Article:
Ruthie Burd had an autistic son, with all the attendant scheduling challenges that entails. So, back in the early 1990s, she was looking for a business she could do from home, in the afternoons and around his schedule. She remembers reading about a New York entrepreneur who bought sandwiches at delis and delivered them to offices, and wondered if she could do something similar for children's lunches.
She set up shop as The Lunch Lady
in 1993, offering to make lunches for schoolchildren, though she says it was nearly two years before she got into a single school as a provider. Today, the business she launched in Vaughan -- she started selling franchises when it got too large for her to manage in 1999 -- has 47 franchises across the country, employs about 235 people, and provides healthy meals in 824 schools as we talk this week (a gain of five schools since just last week).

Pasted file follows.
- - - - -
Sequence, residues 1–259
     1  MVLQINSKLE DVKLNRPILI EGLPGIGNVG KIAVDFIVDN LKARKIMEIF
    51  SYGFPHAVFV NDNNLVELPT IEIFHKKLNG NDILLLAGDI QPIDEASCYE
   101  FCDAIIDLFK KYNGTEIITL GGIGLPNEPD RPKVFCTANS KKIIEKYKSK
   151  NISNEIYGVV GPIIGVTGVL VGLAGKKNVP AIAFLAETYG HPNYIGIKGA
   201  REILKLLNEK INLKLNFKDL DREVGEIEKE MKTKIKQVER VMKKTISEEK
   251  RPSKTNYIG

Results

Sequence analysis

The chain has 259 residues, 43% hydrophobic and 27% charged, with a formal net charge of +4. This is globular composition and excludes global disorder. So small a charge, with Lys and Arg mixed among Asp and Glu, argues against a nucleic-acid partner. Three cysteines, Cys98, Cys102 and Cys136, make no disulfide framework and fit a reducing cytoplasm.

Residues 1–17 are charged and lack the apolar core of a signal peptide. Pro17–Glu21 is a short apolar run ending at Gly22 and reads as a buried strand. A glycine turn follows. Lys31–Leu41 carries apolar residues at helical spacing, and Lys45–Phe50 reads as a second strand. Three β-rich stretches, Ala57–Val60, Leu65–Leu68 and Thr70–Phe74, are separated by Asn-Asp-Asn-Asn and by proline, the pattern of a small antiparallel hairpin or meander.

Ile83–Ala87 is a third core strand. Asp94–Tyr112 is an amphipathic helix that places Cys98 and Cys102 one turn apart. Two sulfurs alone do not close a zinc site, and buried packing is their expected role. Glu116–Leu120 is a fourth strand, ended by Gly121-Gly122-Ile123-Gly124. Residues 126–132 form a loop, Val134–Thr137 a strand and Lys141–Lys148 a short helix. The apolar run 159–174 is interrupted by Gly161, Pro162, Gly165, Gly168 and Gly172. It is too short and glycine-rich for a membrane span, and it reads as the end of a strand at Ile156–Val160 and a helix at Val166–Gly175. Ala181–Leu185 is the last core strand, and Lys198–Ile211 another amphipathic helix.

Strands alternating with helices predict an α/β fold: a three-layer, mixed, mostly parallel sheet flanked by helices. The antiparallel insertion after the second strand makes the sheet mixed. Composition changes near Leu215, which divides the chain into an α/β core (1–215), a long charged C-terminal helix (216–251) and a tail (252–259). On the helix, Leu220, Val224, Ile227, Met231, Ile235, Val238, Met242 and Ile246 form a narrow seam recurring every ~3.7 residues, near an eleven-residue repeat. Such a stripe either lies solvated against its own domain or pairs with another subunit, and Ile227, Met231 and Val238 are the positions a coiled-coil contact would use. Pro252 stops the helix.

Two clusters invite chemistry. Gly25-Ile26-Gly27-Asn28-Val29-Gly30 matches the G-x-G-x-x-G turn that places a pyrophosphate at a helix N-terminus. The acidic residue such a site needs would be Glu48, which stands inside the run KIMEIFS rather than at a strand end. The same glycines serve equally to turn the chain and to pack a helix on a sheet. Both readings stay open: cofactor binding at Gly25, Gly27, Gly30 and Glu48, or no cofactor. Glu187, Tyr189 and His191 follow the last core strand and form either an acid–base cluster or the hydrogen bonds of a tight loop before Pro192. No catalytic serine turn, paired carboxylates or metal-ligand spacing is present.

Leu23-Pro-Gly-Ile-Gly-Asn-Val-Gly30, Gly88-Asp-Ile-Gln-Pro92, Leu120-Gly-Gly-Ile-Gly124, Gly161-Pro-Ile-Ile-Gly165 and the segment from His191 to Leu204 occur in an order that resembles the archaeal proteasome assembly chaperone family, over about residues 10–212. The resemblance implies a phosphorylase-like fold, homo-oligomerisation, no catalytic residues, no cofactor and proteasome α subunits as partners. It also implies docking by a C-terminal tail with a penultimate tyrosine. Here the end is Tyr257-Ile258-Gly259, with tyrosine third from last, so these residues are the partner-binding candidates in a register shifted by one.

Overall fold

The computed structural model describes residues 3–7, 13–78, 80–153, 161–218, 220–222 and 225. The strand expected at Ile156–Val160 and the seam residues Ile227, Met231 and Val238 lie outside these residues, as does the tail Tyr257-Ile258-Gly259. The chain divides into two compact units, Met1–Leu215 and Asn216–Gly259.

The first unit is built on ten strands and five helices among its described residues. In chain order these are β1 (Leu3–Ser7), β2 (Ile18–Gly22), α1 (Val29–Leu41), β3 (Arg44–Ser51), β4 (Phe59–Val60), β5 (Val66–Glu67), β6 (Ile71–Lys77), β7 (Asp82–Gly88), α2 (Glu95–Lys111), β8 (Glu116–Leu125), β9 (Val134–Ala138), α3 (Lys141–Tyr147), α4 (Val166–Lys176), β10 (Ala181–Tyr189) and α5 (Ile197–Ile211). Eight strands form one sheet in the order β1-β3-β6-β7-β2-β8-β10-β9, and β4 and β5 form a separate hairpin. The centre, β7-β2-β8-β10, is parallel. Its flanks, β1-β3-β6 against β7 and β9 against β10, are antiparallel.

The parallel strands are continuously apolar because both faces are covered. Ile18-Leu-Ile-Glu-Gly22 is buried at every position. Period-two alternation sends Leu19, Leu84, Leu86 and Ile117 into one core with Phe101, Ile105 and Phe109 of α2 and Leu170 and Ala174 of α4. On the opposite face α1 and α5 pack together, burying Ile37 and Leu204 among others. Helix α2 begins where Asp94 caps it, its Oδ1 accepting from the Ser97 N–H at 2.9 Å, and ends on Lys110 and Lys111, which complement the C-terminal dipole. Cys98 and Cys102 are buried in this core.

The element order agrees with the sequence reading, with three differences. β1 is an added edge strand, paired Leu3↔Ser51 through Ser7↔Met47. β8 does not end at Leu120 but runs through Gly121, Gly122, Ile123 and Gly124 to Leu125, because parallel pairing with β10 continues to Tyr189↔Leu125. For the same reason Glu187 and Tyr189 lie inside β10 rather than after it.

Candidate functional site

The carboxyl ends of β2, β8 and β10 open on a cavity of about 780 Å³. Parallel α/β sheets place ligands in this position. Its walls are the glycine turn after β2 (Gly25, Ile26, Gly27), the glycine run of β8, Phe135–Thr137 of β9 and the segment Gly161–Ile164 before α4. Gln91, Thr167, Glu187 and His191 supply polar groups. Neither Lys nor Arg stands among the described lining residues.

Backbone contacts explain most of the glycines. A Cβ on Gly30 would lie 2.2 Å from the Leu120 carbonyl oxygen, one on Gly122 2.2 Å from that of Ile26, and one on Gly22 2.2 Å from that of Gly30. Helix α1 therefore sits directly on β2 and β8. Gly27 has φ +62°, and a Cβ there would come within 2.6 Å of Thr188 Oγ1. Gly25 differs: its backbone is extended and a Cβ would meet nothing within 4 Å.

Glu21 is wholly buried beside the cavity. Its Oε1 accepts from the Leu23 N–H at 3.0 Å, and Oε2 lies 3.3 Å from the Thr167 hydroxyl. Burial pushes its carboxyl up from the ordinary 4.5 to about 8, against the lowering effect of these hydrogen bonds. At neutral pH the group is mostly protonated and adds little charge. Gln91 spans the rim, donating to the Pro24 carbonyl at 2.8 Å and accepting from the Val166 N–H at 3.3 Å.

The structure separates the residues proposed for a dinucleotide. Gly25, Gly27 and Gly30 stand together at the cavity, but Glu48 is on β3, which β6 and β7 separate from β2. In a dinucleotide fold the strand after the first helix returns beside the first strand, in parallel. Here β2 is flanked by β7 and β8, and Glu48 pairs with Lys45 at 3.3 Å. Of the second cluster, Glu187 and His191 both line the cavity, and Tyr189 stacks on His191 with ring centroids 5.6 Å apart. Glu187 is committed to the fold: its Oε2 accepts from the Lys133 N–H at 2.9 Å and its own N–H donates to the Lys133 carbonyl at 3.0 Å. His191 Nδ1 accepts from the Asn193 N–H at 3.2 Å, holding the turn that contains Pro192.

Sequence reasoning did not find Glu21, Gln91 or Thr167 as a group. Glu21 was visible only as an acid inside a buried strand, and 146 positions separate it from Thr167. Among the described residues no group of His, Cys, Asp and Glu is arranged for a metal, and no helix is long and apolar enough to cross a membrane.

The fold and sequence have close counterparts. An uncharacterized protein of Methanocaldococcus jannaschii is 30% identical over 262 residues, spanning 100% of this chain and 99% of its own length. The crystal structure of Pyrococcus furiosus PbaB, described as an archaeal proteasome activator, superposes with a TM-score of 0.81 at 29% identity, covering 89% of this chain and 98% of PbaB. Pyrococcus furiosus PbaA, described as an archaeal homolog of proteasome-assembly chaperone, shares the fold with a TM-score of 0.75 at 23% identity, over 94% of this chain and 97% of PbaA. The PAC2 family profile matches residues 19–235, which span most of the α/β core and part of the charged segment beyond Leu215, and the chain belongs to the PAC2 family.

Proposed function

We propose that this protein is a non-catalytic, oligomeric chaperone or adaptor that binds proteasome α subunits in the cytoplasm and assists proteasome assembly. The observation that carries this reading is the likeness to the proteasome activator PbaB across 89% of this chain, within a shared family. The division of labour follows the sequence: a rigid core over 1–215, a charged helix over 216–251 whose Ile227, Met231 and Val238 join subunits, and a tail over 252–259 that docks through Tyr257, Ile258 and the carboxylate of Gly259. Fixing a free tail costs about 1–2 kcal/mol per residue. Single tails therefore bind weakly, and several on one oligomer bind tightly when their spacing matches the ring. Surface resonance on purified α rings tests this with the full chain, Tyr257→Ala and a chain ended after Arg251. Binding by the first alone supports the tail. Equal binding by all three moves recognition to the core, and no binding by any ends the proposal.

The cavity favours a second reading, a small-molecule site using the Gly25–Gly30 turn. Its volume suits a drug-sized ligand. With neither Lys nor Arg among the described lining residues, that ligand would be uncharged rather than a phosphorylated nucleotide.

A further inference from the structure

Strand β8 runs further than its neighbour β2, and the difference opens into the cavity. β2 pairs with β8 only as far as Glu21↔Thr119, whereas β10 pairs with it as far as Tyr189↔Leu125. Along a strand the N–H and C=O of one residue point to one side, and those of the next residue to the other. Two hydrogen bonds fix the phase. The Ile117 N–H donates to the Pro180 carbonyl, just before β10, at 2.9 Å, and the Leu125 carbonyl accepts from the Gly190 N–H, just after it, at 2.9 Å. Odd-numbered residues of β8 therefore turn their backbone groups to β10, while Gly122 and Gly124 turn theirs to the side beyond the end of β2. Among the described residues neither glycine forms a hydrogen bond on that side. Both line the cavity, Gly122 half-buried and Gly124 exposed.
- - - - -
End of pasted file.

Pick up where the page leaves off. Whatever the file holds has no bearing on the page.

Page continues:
Burd says that when she started, people didn't really think what she was offering was valuable, but in the intervening years awareness about healthy eating for children has led to rocketing growth. "I think we were a little ahead of the curve. People's attitude to food is changing, and we're really now attracting customers, staff and franchisees who are passionate about eating healthy."
Writer: Edward Keenan
Source: Ruthie Burd, The Lunch Lady